अच्छेद्योऽयमदाह्योऽयमक्लेद्योऽशोष्य एव च।
नित्यः सर्वगतः स्थाणुरचलोऽयं सनातनः।।2.24।।
2.24 This Self cannot be cut, burnt, wetted, nor dried up. It is eternal, all-pervading, stable, immovable and ancient.
2.24 Since this is so, therefore ayam, It; acchedyah, cannot be cut. Since the other elements which are the causes of destruction of one ano ther are not capable of destroying this Self, therefore It is nityah, eternal. Being eternal, It is sarva-gatah, omnipresent. Being omnipresent, It is sthanuh, stationary, i.e. fixed like a stump. Being fixed, ayam, this Self; is acalah, unmoving. Therefore It is sanatanah, changeless, i.e. It is not produced from any cause, as a new thing. It is not to be argued that these verses are repetive since eternality and changelessness of the Self have been stated in a single verse itself, Never is this One born, and never does It die, etc. (20). Whatever has been said there (in verse 19) about the Self does not go beyond the meaning of this verse. Something is repeated with those very words, and something ideologically. Since the object, viz the Self, is inscrutable, therefore Lord Vasudeva raises the topic again and again, and explains that very object in other words so that, somehow, the unmanifest Self may come within the comprehension of the intellect of the transmigrating persons and bring about a cessation of their cycles of births and deaths.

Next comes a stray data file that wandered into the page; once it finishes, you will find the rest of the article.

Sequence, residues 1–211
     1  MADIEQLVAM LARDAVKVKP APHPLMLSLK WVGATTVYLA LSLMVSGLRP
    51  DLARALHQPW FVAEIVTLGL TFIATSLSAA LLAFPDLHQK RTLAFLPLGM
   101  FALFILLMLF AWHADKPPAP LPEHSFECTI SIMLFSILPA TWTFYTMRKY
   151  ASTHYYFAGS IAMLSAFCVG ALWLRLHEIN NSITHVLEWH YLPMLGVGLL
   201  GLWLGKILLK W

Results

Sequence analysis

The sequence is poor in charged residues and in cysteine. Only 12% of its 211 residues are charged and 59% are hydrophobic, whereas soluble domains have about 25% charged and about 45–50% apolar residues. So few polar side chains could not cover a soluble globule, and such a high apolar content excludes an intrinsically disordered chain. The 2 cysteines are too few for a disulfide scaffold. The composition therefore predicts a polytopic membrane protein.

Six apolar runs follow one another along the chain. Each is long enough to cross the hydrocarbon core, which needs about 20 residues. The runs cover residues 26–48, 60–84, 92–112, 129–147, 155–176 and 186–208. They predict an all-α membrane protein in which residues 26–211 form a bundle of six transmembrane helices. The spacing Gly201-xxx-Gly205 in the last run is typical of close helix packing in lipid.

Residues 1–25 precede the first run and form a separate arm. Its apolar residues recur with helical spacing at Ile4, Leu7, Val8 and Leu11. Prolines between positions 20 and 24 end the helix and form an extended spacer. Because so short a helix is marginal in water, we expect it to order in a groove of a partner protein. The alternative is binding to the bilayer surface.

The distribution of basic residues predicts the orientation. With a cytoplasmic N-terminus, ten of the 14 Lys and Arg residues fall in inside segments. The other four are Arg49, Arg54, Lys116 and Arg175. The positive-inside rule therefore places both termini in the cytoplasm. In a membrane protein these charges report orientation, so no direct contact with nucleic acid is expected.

Acchedyo’yam adaahyo’yam akledyo’shoshya eva cha; Nityah sarvagatah sthaanur achalo’yam sanaatanah.
achchhedyaḥ—unbreakable; ayam—this soul; adāhyaḥ—incombustible; ayam—this soul; akledyaḥ—cannot be dampened; aśhoṣhyaḥ—cannot be dried; eva—indeed; cha—and; nityaḥ—everlasting; sarva-gataḥ—all-pervading; sthāṇuḥ—unalterable; achalaḥ—immutable; ayam—this soul; sanātanaḥ—primordial